The community has stayed pretty consistent in that, from the get-go, it attracted a lot of people who are interested in more serious topics.
We have a lot of serious conversations in the Discord, and people are also open to provide gameplay or art feedback on anything we post in the Discord.
It’s stayed consistent, which is nice.
I feel that right now we’re at the size where it’s pretty easy to manage it, we haven’t really had any issues that have needed addressing.
There were a few cases where people got into very heated arguments, with one person leaning towards the left and the other more to the right.
At the end of one argument, they both agreed it was getting heated and they both decided to stop and respect each other’s opinions.
It was actually surprising and very reassuring because it’s not something you see in the common discourse where two sides agree to disagree and still acknowledge each other’s opinions in a polite manner.
We added a current events channel from the get-go as a way to encourage those dialogues, it’s definitely something we wanted to facilitate.
That is part of the goal of the game, that’s why we’re tackling these issues.
It’s something we always had in mind, and our Discord serves as a platform where that dialogue can happen.
I didn’t really have any huge expectations with Headliner: NoviNews.
I’m just keeping an open mind and just accepting things as they come along.
We’re trying to grow our community and our following without necessarily putting certain requirements or goals we need to meet.
We’re letting the community organically build.
Although at the same time, I’m reevaluating whether or not the rate of growth we have right now is sustainable given the development time and the costs involved and reassessing whether or not this approach is working.
The community is great and I’m proud of the game from my artistic side, but as far as business goes, I think maybe the rate of growth is something that needs to be reconsidered a little bit more.
We definitely want to keep growing the same style of community and continue facilitating discussions and topics that get people interested, but we want to grow it to a bigger size and spark more debates.
I want to establish that Unbound Creations as a brand that makes games that are a bit more than just pure leisure and entertainment.
We’re expanding our community to new demographics with fan translations
Since the beginning, we’ve been tackling issues from both sides of the globe.
With the new Headliner game, the scope and reach of the themes have been even more global because the U.S. isn’t the only country dealing with potential media control and authoritarian government.
For the original Headliner, we’ve opened it up to allow fan translations of the game, since translations weren’t in our budget.
When we were making the game, I didn’t expect fans would get so involved with translation and localization.
We’re nearly done with the Chinese and Korean translations, which maybe shows something about the passion of those communities and their interest in bringing the game to their own countries.
Hopefully, we’ll be able to release those translations in the coming week or two and open it up to those demographics.
There are several other fan translations that are at varying points right now, the ones that are furthest along are German and Italian.
We’re considering Spanish and French also, because they’re both very large demographics across the world.
At the moment we have a simple system for the translators, it’s just a Google spreadsheet that we grant people access to once they reach out to us.
It’s collaborative, and we have a few languages where it’s just one or two people working on them. The Korean and Chinese translations were individual efforts.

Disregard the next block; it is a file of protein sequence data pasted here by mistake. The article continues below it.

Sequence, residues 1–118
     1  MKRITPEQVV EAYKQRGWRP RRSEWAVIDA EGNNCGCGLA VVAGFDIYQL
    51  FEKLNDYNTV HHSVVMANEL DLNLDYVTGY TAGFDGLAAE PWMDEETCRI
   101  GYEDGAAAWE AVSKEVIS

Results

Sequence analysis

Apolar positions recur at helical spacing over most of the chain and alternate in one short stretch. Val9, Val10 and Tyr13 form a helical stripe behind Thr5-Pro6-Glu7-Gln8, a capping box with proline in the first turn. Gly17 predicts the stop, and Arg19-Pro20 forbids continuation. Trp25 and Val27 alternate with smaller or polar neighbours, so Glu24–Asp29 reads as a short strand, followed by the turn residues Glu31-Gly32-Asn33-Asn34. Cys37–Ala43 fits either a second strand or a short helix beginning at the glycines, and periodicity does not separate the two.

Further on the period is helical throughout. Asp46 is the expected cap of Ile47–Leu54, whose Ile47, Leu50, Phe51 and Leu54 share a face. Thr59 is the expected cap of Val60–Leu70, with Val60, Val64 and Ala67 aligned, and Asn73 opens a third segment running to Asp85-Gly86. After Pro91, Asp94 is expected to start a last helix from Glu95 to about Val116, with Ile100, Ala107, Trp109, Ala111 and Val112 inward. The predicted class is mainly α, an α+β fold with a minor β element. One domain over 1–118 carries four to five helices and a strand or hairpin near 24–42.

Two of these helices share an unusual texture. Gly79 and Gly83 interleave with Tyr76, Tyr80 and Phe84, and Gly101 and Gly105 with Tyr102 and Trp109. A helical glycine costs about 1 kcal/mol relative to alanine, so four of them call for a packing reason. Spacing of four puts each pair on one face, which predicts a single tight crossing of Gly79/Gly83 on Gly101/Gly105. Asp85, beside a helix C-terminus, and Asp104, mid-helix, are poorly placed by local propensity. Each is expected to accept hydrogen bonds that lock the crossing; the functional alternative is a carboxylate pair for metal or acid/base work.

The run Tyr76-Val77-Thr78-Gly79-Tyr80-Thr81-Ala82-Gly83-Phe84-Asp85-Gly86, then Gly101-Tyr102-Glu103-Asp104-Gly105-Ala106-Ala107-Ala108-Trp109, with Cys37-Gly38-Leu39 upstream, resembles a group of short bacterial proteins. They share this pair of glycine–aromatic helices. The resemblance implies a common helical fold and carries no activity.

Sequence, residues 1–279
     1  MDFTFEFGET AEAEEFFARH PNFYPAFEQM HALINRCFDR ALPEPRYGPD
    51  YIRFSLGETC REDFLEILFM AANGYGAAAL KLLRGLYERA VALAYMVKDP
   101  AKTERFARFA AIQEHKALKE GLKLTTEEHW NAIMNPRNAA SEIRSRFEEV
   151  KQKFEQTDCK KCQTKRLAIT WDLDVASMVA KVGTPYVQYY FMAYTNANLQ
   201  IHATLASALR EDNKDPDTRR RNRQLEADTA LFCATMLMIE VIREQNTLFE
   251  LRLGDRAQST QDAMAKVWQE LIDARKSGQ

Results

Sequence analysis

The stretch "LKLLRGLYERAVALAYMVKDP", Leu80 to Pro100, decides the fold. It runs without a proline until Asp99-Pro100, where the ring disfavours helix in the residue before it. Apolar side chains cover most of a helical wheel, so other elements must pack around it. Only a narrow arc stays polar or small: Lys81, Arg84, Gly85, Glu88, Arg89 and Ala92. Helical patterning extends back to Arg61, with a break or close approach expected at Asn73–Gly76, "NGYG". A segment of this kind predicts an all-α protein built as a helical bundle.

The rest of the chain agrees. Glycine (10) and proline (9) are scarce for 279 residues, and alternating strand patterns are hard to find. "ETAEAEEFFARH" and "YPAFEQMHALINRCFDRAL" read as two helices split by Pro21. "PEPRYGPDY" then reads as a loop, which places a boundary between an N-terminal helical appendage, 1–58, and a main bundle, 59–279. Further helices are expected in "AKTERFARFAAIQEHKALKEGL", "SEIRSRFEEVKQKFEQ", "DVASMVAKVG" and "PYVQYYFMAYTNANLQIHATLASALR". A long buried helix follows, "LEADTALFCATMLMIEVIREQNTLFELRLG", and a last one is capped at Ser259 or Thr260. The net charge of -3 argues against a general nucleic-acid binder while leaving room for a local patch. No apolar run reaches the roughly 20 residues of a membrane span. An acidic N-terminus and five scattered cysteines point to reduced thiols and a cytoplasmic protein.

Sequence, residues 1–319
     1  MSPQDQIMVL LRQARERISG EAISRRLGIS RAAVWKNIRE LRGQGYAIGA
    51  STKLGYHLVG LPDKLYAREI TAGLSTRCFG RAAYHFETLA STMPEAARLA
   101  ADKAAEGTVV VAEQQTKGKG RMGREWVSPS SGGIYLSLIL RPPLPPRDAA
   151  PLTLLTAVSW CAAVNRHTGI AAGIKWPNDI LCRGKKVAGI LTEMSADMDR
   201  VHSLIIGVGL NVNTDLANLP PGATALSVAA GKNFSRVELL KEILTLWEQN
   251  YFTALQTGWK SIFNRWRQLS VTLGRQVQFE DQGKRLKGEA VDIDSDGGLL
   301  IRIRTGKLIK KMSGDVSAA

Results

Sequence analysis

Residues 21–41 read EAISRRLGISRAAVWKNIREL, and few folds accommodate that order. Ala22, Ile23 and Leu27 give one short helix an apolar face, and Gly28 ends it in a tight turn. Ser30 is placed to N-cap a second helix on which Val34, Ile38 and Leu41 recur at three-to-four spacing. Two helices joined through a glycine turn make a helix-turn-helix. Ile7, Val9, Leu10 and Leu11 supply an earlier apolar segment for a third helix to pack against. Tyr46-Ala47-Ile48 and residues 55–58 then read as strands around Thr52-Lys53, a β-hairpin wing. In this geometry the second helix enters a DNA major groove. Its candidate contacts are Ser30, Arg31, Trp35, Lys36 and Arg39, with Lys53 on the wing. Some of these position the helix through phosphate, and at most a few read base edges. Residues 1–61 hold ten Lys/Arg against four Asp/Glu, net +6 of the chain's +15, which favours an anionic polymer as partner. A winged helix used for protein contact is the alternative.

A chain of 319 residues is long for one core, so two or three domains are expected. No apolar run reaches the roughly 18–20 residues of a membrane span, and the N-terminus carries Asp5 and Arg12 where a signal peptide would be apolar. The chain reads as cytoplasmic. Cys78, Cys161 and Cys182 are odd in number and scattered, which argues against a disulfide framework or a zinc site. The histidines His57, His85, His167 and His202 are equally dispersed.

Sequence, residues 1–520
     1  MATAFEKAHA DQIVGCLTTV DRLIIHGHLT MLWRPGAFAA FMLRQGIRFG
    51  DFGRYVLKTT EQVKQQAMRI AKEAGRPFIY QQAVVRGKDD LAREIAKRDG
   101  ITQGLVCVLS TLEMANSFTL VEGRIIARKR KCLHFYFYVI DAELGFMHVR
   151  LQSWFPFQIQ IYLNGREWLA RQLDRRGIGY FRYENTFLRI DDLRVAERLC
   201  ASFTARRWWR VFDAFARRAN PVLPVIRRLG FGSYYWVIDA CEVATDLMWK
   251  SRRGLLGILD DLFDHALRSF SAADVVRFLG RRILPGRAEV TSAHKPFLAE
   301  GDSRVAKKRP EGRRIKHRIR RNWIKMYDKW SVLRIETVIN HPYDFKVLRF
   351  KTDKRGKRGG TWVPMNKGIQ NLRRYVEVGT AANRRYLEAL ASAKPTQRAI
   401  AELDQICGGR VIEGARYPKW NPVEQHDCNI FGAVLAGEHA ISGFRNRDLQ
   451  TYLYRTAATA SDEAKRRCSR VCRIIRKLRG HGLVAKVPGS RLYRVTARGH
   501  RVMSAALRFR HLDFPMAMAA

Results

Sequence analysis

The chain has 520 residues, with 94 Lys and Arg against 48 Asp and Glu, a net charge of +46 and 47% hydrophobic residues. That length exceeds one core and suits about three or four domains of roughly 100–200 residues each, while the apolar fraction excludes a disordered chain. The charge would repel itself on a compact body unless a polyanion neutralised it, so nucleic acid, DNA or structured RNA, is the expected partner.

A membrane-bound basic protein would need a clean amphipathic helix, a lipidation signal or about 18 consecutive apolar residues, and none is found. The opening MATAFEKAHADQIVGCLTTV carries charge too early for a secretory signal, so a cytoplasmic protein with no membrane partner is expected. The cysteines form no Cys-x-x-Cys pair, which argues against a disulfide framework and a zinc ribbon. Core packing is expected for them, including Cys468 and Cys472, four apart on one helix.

We’re trying to keep it open and collaborative.
We also have a dedicated channel in our Discord for localization, so if anyone has any questions or uncertainties, they can ask them there.
They actually caught a few lines that were either confusing or missing from the translations, which was very helpful.
The people doing localization also get special titles in our Discord––we’re going with the theme of of “fake news, government control”––and their title is “Minister of Foreign Communication.”
A lot of the themes connect with people all around the globe: surveillance and policing, police brutality versus national security.
It’s a broad brush that touches on a lot of issues, and I believe many people who play the game can find one or two topics that resonate with them.
Educators are also joining the community
I’m meeting with someone from foundry10, a local education research institute, they’re interested in how games can be used to teach media literacy and critical analysis.
It’s especially relevant these days, where it’s getting harder and harder to trust the media you read.
Although it was never my original intention, having an educational use of the game is something that I’ve really been wanting to focus more.
I never considered Headliner to be an educational game.
But, as I started exhibiting the first Headliner at expos, I had numerous people comment that it would be a really good game for kids in high school either studying ethics or journalism.
I had one or two teachers tell me it would be really interesting in a school format, so I’ve been focusing more and more on exploring that area.
Ultimately, I want to make memorable games that have an impact
I mentioned Papers, Please before, but another big inspiration is HER STORY, Night in the Woods, Oxenfree: all those games attract people who want more than just pure fun and enjoyment.
Other games, such as Beholder or Orwell, also generate commentary about the global situation.
It’s almost a genre in and of itself: games that have kind of an experimental design but also show commentary about the state of the world.
One of the big pillars of the games’ design is taken from Telltale. The idea is that “no good deed goes unpunished.”
I really like that phrase, and I always wanted to have that balance where every action has a both positive and negative outcomes.
It’s not about which one is right, but the question is what do you prioritize? Who do you want to help? What outcome do you want, and what is most meaningful to you?
You can get what you want, but it will always cost you.